Power made reference to the recent days of bombings on eastern Aleppo and surrounding countryside, which have left more than 300 people dead, the most intense bombing since the conflict started in 2011. The devastated city is divided between government-controlled areas in the west and rebel positions in the east.
"Think of what you were doing Saturday," she said at a U.N. Security Council briefing
on Monday about the humanitarian situation in Syria. "Imagine being subjected to 180 airstrikes while you were doing it. Horrifying video from eastern Aleppo affirms a shocking inhuman barrage on civilian neighborhoods."
The Syrian regime resumed heavy bombardment
over eastern Aleppo on Tuesday after a three-week lull, killing at least 289 people by Saturday, according to the Syrian Civil Defense Force, also called the White Helmets.
Among the latest reported violence: a suspected chemical attack that killed four children and their parents. On Monday, Aleppo withstood another day of all-out war as bombardments in eastern Aleppo left at least 27 people dead and 120 injured on Monday, the White Helmets said.
Power noted that the United States strongly condemned shelling by opposition forces, which has caused more than 60 casualties since November 1. But she focused her ire on the Assad regime and Russia for their "starve, get bombed, or surrender" strategy in eastern Aleppo.
"But, I ask, will Russia condemn even a single airstrike by the Assad regime here in this chamber today -- or any day? Choose any of the hospitals that the Assad regime has destroyed, or any of the schools. Will Russia ever condemn its ally Bashar Al-Assad here at the Council for a single one of these attacks? We have been attending sessions like this one for more than five years. But, despite all of the carnage inflicted by their regime partners, they have uttered not one critical word. Not even one skeptical word," she said.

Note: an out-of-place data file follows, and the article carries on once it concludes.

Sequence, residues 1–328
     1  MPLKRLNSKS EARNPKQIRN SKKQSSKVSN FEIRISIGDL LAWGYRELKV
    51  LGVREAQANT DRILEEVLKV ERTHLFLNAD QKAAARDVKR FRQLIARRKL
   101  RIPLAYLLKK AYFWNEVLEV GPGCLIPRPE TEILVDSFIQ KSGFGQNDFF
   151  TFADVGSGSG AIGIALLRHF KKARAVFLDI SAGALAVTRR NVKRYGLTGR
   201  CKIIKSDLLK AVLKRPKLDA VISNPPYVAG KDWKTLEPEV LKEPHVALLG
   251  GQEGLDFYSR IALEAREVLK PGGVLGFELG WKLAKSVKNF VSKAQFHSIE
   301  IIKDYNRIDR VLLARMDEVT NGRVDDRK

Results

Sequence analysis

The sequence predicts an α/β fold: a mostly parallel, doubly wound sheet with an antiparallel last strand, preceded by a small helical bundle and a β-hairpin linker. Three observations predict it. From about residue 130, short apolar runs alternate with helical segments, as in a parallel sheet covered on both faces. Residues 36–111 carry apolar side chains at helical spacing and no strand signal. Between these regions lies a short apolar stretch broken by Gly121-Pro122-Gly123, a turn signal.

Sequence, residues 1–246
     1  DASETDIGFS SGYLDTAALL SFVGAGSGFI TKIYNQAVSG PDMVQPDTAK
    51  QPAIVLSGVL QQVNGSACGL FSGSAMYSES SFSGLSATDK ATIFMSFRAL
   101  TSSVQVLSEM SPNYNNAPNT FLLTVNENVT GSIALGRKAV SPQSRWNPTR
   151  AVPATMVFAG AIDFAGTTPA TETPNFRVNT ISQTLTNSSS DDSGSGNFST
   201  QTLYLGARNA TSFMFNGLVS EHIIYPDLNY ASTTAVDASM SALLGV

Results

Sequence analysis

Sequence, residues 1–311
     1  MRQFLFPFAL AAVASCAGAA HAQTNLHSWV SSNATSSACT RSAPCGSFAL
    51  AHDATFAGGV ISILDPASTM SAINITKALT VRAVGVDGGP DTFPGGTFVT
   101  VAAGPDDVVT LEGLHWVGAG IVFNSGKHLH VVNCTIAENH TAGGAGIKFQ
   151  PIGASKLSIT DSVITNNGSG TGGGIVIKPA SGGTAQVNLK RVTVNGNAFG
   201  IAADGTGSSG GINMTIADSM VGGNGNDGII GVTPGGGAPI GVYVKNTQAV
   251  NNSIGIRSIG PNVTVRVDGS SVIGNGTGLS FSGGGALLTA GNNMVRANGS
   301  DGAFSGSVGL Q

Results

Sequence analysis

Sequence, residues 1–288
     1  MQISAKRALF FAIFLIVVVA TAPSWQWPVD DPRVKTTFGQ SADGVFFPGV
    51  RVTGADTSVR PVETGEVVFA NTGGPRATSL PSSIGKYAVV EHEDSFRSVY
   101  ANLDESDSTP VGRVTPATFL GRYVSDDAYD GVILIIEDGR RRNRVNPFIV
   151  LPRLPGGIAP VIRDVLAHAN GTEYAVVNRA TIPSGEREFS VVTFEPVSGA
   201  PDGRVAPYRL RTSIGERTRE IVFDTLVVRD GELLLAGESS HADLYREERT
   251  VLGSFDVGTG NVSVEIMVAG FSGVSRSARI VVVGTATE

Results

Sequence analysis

The assault on Aleppo, she said, was "not an isolated case. It is part of a country-wide strategy. Across Syria, Russia and the Assad regime are waging a campaign that includes sieges, the blocking of humanitarian aid, the indiscriminate bombardment of civilian areas, and the use of barrel bombs."
Other representatives at the meeting slammed the Assad regime and Russia for its actions in Aleppo. Both entities pushed back.
Russian envoy Vladimir K. Safronkov, said the "country had been assisting United Nations humanitarian aid and other assistance in Syria, as well as facilitating political efforts."
The Syrian representative, Bashar Ja'afari, said it "allowed civilians in eastern Aleppo to flee and had opened corridors for them to do so."
"The terrorists, however, had retained civilians to use as human shields," Ja'afari said.
According to a transcript of her remarks, the U.S. ambassador named Syrian commanders involved in deadly assaults on "cities, residential areas and civilian infrastructure: Major General Adib Salameh, Brigadier General Adnan Aboud Hilweh, Major General Jawdat Salbi Mawas, Colonel Suhail Hassan, Major General Tahir Hamid Khalil."
She added, "The United States will not let those who have commanded units involved in these actions hide anonymously behind the façade of the Assad regime."
She also named commanders who work at detention facilities where torture has been reported: Major General Jamil Hassan, Brigadier General Abdul Salam Fajr Mahmoud, Brigadier General Ibrahim Ma'la, Colonel Qusai Mihoub, Brigadier General Salah Hamad, Brigadier General Sha'afiq Masa, Major General Rafiq Shihadeh, Hafiz Makhlouf.
"The United States will not forget the cases of the many Syrians who have suffered so much at the hands of individuals like these, and we will continue fighting to hold them accountable for their hateful crimes," she said.
She called for an end to the "merciless attacks" from Russia and Assad's regime.
"Now, I know right now, today, with wind at their backs, these individuals feel impunity. So, though, did Slobodan Milosevic, Charles Taylor, and countless war criminals before them," she said, citing the former leaders of Serbia and Liberia. "Today's atrocities are well-documented, and the civilized world's memories are long."